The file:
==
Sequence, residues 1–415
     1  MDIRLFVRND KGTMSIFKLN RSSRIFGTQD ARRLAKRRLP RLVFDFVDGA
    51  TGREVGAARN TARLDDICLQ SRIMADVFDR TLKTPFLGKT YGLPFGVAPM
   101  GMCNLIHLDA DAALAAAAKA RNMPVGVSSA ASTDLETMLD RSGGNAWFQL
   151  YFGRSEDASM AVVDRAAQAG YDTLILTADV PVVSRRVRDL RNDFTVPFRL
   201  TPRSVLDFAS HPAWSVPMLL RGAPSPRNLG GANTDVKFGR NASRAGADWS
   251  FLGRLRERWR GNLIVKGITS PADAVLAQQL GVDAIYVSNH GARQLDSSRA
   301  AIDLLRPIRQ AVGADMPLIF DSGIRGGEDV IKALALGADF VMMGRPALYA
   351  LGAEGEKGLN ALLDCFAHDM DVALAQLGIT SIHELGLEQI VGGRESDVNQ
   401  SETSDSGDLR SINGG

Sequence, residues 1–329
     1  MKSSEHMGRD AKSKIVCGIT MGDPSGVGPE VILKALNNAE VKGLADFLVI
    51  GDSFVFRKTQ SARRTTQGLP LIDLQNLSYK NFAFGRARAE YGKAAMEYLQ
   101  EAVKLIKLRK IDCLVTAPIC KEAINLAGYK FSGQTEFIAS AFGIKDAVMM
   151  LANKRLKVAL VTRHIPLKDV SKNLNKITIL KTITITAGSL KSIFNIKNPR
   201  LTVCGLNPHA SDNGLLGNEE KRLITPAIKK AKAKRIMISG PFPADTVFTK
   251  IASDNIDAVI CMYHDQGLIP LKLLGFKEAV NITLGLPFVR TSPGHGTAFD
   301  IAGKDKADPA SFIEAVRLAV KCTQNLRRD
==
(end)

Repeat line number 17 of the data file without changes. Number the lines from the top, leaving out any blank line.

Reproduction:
   251  IASDNIDAVI CMYHDQGLIP LKLLGFKEAV NITLGLPFVR TSPGHGTAFD